By LeAnn R. Ralph
COLFAX — Members of the Colfax Plan Commission are wondering if Soo Park could accommodate two enterprises: a parking garage for the Commercial Testing Lab and a miniature train ride for the Colfax Railroad Museum.
The appraisal on the Soo Park property is $20,000, reported Lynn Niggemann, village administrator-clerk-treasurer, at the Colfax Plan Commission’s September 6 meeting.
[emember_protected] Soo Park is located directly south of the stone depot at the Colfax Railroad Museum.
The property was donated to the Village of Colfax in 1916 for development as a park.
A small article in the November 26, 1916, edition of the Colfax Messenger reported under the headline “ Colfax Expands” — “A company has been formed and a move is on foot to annex the tract of land just south of the Soo Line station as an addition to the village, and a portion of the survey it is planned to set aside as a park to be beautified with trees and flowers. Then a park drive is to be part of the addition, which in all will be a fine improvement to the village, if carried out according to present plans. Geo. T. Vorland, G.W. Emmerton, etal, are the promoters, and the company is styled the Colfax Improvement Company.”
The area known as Soo Park was never developed as a park, and in fact, the land was never annexed, or if it was, the annexation was never recorded.
The Colfax Improvement Company dissolved in 1919.
The Colfax Village Board in May of 2016 agreed to contract with Cedar Corporation in the amount of $2,750 to survey the parcel and to record the deed.
The parcel, an odd-shaped piece of land in a crescent shape that is wider in the middle and tapers down to almost nothing at the ends, contains a road right-of-way that could be vacated to free up more usable space.
If the village board decides to vacate the road right-of-way, half of the land would have to be deeded over to the adjacent property owners, said Patrick Beilfuss of Cedar Corporation at the September 6 meeting.
The southern half of the right-of-way would go to the adjacent land owners. The village could not obtain the entire right-of-way, he said.
One possible use for the lot would be either multi-family or single-family residential, Niggemann said.
Commercial Testing Lab also is looking for a place to build a garage for the route cars used to collect water samples, and the Colfax Railroad Museum is interested in more land, she said.
The northern edge of the Soo Park parcel is only about 60 feet from the railroad tracks.
Herb Sakalaucks, curator of the Colfax Railroad Museum, attended the September 6 plan commission meeting.
The extra space would be used to set up a miniature train ride, he said.
Sakalaucks has already acquired the engines (a steam engine and a diesel), the train cars and the tracks and has received a grant to fund the installation.
The train rides would be part of an effort to draw tourists to Colfax, which would benefit other businesses in town such as restaurants, cafes, taverns and retail shops, he said.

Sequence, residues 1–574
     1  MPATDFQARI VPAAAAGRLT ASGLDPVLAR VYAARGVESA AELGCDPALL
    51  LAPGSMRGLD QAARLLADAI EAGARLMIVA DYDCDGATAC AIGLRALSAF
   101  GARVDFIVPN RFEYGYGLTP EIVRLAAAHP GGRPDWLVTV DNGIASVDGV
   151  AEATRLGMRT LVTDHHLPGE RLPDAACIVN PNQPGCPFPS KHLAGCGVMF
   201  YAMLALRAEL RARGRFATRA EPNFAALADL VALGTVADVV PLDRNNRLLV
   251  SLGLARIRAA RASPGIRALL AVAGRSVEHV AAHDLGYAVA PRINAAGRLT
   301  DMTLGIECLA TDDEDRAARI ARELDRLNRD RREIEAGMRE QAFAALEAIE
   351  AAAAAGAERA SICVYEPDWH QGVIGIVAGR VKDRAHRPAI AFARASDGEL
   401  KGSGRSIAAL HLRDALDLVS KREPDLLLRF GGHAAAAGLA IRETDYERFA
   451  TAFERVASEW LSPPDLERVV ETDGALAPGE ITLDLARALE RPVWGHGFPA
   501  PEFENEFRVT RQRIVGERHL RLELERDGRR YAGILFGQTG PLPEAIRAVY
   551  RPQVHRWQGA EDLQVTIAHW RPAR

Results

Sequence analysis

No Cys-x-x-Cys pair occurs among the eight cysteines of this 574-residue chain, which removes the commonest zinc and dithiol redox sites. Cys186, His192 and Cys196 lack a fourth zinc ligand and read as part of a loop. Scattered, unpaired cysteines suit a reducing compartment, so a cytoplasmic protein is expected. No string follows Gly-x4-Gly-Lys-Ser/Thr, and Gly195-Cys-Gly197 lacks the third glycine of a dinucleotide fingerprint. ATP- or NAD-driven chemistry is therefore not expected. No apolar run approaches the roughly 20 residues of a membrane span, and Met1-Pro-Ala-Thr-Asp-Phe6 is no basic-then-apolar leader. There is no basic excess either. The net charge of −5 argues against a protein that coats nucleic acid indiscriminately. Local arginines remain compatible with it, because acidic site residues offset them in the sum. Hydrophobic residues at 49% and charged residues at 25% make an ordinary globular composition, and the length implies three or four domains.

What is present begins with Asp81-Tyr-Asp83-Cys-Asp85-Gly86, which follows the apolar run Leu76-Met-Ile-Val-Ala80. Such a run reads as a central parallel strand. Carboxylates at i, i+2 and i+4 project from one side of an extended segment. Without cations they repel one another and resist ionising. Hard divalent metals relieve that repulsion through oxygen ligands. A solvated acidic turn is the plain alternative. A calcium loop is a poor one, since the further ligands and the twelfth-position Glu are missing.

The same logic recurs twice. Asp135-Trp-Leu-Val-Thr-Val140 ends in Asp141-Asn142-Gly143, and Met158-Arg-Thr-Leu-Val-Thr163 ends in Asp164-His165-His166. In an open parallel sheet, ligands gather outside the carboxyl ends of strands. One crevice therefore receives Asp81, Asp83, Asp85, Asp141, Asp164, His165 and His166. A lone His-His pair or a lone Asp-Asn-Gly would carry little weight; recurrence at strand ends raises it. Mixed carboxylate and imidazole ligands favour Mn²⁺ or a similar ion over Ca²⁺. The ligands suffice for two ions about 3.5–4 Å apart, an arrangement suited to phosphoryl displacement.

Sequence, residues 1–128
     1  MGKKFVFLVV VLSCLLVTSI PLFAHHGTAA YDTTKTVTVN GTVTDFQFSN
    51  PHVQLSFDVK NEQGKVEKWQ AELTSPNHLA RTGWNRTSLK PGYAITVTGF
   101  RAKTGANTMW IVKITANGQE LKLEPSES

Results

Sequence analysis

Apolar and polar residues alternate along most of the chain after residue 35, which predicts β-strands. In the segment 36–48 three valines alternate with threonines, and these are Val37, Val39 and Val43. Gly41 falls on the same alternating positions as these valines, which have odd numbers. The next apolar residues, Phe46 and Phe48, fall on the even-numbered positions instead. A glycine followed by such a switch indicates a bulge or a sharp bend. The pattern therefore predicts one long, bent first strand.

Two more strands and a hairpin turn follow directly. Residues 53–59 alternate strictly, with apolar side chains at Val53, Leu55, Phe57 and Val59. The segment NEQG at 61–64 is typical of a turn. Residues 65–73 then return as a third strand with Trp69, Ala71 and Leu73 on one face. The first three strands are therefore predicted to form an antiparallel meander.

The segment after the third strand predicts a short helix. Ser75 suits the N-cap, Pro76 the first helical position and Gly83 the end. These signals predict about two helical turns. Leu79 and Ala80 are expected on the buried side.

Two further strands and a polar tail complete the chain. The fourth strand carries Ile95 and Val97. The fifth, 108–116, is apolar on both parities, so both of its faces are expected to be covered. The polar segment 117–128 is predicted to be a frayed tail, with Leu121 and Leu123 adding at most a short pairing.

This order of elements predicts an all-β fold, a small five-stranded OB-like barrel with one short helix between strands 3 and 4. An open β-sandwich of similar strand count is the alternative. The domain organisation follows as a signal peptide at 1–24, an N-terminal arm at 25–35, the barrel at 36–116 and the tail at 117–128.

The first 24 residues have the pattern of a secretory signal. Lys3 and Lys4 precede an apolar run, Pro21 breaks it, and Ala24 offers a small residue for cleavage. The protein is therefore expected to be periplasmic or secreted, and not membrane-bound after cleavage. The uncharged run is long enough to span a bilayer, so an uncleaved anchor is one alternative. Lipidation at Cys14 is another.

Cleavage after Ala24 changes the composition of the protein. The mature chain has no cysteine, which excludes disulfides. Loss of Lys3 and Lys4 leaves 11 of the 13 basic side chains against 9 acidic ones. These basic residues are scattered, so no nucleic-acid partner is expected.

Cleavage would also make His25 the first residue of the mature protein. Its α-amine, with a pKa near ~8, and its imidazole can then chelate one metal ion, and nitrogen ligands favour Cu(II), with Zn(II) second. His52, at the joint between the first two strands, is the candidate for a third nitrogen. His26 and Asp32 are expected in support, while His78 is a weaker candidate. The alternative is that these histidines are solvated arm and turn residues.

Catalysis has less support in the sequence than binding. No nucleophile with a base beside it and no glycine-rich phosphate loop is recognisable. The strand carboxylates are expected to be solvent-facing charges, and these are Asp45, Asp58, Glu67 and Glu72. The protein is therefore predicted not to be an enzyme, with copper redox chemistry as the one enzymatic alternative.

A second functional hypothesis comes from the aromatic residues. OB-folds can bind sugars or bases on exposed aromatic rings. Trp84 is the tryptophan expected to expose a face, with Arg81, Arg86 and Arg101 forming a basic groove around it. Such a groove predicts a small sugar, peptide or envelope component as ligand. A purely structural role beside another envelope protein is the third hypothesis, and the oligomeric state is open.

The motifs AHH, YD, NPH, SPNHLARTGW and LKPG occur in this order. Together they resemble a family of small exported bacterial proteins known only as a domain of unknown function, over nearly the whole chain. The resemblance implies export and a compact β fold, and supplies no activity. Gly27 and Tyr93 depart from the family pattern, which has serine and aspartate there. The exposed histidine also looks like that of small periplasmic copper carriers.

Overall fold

The train rides also would be available as an activity for events held in the wooden depot, such as children’s birthday parties, Sakalaucks said.
The Colfax Railroad Museum’s development plan includes turning part of the depot on Main Street into an events center. The museum obtained the wooden depot after the roof was damaged during a tornado in June of 2014.
If the Soo Park lot were available to the railroad museum, part of that area would be used for re-enactment events, too, Sakalaucks said.
The Colfax Commercial Club has been discussing the idea of bringing re-enactment groups into Colfax for a weekend. Re-enactment groups could include the Spanish-American War, the Civil War and the voyageurs.
The Spanish-American War would fit in with the Colfax Railroad Museum because of Theodore Roosevelt and his trip through Colfax on the train, Sakalaucks said.
Roosevelt served as the lieutenant colonel of the Rough Riders Regiment during the Spanish-American War. He came through Colfax on the train when he was running for president of the United States again and was subsequently shot in the chest while campaigning in Milwaukee.
Beilfuss presented a schematic drawing of how a 62-foot by 170-foot parking garage with room for 20 parking spaces could be positioned on the lot.
Pete Klug, owner of Commercial Testing, was not at the plan commission meeting.
Mark Ackerman of Ackerman Dairy Products owns property to the east of Soo Park.
Plan Commission member Dave Hovre suggested a meeting with Ackerman to find out if any of his land might be available for the Commercial Testing parking garage.
“Maybe there is a way to satisfy everybody,” Hovre said.
Sakalaucks has suggested the village board donate Soo Park to the railroad museum.
The Colfax Railroad Museum is a 501.c(3) non-profit.
The land was originally donated to the village for use as a park, Sakalaucks said.
The village has spent money on Soo Park to get it surveyed and also has spent money on attorney fees for the transfer of title, Niggemann said.
Plan Commission member Mike Buchner, who chaired the meeting in the absence of Gary Stene, said he did not believe Soo Park should be “all donated” when people have said they are willing to buy the parcel.
Rand Bates, director of public works, said he would be willing to go with Niggemann to talk with Ackerman.
If the building could be moved farther east, there would still be room for the railroad museum, Bates said.
Hovre said he believed any further discussion was “premature at the moment.”
Representatives for the village or the plan commission should talk to Ackerman and Klug first to find out what might be possible, he said.
Niggemann and Bates agreed to speak with Ackerman and Klug and to bring a report back to the plan commission. [/emember_protected]